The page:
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Liviu Sandulescu Carturan review


Carturan | 2019 Warsaw International Film Festival Review

Carturan | 2019 Warsaw International Film Festival Review

Pray the Lord My Soul To Take: Sandulescu’s Poignant and Witty Meditation on Mortality

Liviu Sandulescu Carturan reviewLiviu Săndulescu’s Carturan is a tale about bribery, the uncaring bureaucratic system, blasphemy and unavoidable death – at least on the surface. At the same time, it’s also a tender, surprisingly funny film, devoid of unnecessary melodramatics or fatalism. Carturan’s (Teodor Corban) calm life in sunny rural Romania is upended by sudden and horrifying news – the quiet old man has terminal stomach cancer. This means that he needs to sort his affairs as soon as possible – and that includes finding a new home for Cristi (Vlad Popescu), his 13-year-old grandson. Cristi has lived with Carturan ever since the tragic death of his own parents, and now his grandfather can’t bear the thought of letting the boy end up in an overcrowded orphanage.

Another thing that Carturan wants to do before his two months are over is organize and host his own wake. It’s a strange decision on his part, borderline blasphemous, but such is the tradition in the region Carturan grew up in. This seems like a quirky, but unimportant storyline at first, yet it ends up being crucial to the entire film. Sandulescu isn’t trying to scare the viewer with the idea of mortality, his feature is more concerned with how faith (or superstition) helps us deal with the inevitability of death. Through Carturan’s long arguments with the local priest (Adrian Titieni), we are shown the importance of setting our differences aside. Cinematographer Oleg Mutu shoots these scenes in a near-documentary style – there are long static takes, unexpected close-ups and usually something’s happening in the background. All of this works to highlight the fact that death is just a natural occurrence we have to deal with.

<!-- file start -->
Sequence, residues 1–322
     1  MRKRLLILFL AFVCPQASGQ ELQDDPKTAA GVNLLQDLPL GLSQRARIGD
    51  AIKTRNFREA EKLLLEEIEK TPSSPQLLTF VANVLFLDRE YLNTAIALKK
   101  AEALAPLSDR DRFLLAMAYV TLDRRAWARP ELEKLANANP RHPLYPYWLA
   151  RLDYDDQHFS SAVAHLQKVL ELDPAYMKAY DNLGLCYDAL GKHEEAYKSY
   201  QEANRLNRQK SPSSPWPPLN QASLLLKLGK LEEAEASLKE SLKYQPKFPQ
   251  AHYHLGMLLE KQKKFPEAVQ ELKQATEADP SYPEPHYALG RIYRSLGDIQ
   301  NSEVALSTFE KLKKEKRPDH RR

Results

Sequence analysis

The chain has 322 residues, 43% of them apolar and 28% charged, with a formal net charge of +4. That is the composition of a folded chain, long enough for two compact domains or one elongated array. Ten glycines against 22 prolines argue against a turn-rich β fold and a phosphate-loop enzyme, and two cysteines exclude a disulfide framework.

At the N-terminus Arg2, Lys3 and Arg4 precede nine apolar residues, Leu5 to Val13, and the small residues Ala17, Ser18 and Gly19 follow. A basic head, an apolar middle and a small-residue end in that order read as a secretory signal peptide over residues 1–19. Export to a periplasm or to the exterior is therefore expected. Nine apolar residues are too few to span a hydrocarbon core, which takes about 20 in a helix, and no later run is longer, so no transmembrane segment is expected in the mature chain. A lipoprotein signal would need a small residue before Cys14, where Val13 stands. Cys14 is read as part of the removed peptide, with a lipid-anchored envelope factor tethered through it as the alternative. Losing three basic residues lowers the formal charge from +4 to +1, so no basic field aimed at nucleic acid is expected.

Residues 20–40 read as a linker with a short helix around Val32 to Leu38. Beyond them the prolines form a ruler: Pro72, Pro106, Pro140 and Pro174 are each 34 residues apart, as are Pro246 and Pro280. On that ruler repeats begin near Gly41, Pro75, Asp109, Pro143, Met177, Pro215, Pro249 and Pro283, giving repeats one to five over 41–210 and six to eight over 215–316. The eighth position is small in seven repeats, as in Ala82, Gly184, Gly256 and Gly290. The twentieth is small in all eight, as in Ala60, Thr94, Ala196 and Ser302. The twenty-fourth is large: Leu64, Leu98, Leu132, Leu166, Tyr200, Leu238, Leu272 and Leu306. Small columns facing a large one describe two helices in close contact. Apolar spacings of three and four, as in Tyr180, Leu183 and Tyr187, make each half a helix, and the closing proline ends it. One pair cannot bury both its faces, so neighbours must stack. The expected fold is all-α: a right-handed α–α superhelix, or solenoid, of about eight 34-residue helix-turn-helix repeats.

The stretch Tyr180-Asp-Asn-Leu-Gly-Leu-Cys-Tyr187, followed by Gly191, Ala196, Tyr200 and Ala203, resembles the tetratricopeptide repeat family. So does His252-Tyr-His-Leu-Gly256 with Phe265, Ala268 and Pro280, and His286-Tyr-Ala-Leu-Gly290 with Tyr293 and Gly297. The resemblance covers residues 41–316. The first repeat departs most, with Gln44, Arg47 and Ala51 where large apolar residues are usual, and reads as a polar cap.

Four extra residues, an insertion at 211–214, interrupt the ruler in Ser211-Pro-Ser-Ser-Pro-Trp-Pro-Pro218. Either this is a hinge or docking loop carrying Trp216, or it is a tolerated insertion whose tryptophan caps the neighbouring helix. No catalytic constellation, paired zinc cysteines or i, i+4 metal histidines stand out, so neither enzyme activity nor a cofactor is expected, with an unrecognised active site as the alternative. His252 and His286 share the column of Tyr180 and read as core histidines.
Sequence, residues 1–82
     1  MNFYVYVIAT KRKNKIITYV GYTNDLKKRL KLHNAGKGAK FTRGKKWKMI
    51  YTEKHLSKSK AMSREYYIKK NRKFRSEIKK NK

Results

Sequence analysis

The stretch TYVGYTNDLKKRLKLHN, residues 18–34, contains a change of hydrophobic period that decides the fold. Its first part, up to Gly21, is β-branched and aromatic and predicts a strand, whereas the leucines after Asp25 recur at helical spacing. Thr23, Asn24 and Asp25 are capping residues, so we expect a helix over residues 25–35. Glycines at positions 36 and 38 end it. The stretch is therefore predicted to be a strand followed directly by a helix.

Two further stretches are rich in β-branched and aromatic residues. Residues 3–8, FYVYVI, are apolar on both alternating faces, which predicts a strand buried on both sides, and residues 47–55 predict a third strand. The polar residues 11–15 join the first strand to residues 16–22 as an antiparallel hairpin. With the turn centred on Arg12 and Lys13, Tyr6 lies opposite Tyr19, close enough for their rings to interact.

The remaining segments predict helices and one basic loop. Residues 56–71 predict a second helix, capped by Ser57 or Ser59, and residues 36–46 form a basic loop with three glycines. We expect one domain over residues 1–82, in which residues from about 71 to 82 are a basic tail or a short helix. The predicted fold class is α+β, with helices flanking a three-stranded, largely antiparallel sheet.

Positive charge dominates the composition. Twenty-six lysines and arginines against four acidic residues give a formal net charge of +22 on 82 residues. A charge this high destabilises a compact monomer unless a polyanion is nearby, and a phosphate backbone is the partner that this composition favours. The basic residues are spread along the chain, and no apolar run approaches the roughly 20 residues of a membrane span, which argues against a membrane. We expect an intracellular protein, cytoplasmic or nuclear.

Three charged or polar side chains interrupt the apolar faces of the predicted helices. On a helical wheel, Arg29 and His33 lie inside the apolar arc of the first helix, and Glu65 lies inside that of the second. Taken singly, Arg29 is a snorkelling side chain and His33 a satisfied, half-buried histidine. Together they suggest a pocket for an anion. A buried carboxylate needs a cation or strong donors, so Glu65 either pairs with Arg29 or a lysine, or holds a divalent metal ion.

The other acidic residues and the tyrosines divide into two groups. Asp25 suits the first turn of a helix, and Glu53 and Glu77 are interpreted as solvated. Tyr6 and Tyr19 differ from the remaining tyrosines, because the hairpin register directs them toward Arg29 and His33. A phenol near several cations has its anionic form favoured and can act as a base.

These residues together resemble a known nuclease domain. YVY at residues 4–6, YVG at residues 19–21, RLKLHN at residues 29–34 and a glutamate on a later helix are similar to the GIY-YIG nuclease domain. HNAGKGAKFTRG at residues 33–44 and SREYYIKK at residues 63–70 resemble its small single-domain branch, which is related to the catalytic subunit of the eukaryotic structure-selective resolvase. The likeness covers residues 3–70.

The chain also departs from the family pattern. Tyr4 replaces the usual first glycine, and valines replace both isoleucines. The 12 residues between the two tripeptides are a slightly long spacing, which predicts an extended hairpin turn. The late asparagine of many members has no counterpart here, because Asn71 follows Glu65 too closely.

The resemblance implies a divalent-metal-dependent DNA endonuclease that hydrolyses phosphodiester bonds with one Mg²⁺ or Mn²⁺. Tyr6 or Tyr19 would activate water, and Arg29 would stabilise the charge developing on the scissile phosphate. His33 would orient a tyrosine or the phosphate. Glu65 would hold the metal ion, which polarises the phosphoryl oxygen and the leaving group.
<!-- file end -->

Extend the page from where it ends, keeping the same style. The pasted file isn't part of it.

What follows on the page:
The ideas aren’t groundbreaking, but Sandulescu’s tone sets Carturan apart. The writer-director never comes off as preachy or dramatic, and infuses his story with dark humor and melancholy sweetness. The idea of death is dealt with as something mundane – at one point Carturan jokingly threatens to sue the coffin-maker if the casket he will be buried in turns out to be too small. He also takes up smoking again, sarcastically noting that it probably won’t do him much harm now. Set in a quaint small village that feels lived-in, and filled with lush, colourful cinematography, Carturan is a welcome paradox. A life-affirming film about a terminally sick man.

Reviewed on October 17th at the 20189 Warsaw International Film Festival – Competition 1-2. 90 Mins. Part of the The Fipresci Warsaw Critics Project.


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